Document Type

Thesis - Open Access

Award Date


Degree Name

Master of Science (MS)


Health and Nutritional Sciences

First Advisor

Gary P. Van Guilder


endothelial function, menstrual cycle, remote ishemic preconditioning, vascular, vascular endothelial health


PURPOSE: A promising therapeutic intervention to counteract endothelial ischemia/reperfusion (I/R) injury is ischemic preconditioning (IPC). Limited data from ovariectomized animal models shows that estrogen deficiency abolishes the cardioprotective effects of IPC, whereas estrogen replacement restores protection. This suggests that alterations in female sex hormones, particularly estrogens, that occur naturally during the menstrual cycle is likely to influence the vascular protective properties of IPC. The aim of the present study was to identify how changes in female sex hormones that occur naturally during the menstrual cycle interfere with IPC to provide vascular endothelial protection in women. METHODS: Nine healthy premenopausal eumenorrheic women (age 21±1 yr) not taking any contraceptive medications were studied in a within-subjects design. Primary outcomes with respect to the assessment of vascular endothelial function were measured during the early follicular (after onset of menses; days 1- 6) and at mid-cycle during ovulation (days 10-14 after positive urine ovulation test). Endothelium-dependent vasodilation was assessed by the forearm blood flow (FBF) response to reactive hyperemia using strain-gauge venous occlusion plethysmography in the absence and presence of endothelial I/R injury (20 min brachial artery ischemia followed by 15 min reperfusion) when preceded by remote IPC (right arm: 3×5 min cycles of ischemia). RESULTS: In the absence of endothelial I/R injury, peak FBF to reactive hyperemia was similar (P=0.19) between the early follicular (19.9±6.1 ml/100ml tissue/min) and ovulation phases (22.1±5.9 ml/100ml tissue/min). In contrast, there was a significant main effect (P=0.001) of menstrual cycle phase on the capacity of IPC to protect against endothelial I/R injury. For example, during the early follicular phase, peak FBF was significantly (P=0.02) diminished 15% with endothelial I/R injury (from: 19.9±6.1 to 17.1±4.1 ml/100ml tissue/min) despite remote IPC. As a result, total FBF during the initial 30 sec of reactive hyperemia (area under the curve) was decreased ~18% (P=0.027) after (41.0±11.4 ml/100ml tissue/min) compared with before (49.6±15.1 ml/100ml tissue/min) endothelial I/R injury. However, during ovulation, remote IPC provided a level of endothelial protection from I/R injury that was not observed in the early follicular phase. Indeed, in the presence of endothelial I/R injury, peak FBF increased 15% (from: 22.1±5.9 to 25.3±6.4 ml/100ml tissue/min; P=0.012). As a result, total FBF was well preserved (P=0.859) after (58.2±14.6 ml/100ml tissue/min) compared with before (58.0±13.3 ml/100 ml tissue/min) endothelial I/R injury. CONCLUSIONS: These data suggest that the menstrual cycle differentially influences the capacity of remote IPC to protect against endothelial I/R injury. Greater circulating estrogens during ovulation may be an important mediator contributing to the protective benefits of remote IPC in women.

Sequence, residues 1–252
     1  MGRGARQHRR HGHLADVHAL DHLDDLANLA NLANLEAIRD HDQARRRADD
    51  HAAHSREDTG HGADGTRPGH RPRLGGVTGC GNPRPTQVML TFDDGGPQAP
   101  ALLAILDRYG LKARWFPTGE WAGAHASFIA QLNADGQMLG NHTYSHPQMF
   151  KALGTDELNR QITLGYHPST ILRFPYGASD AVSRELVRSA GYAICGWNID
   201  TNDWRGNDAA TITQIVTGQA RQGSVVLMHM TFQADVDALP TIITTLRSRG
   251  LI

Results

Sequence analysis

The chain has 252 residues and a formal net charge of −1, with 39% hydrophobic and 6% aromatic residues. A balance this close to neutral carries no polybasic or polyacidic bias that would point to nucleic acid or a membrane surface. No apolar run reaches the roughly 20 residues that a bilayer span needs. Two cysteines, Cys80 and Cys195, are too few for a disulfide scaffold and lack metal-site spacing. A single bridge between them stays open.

South Dakota State University


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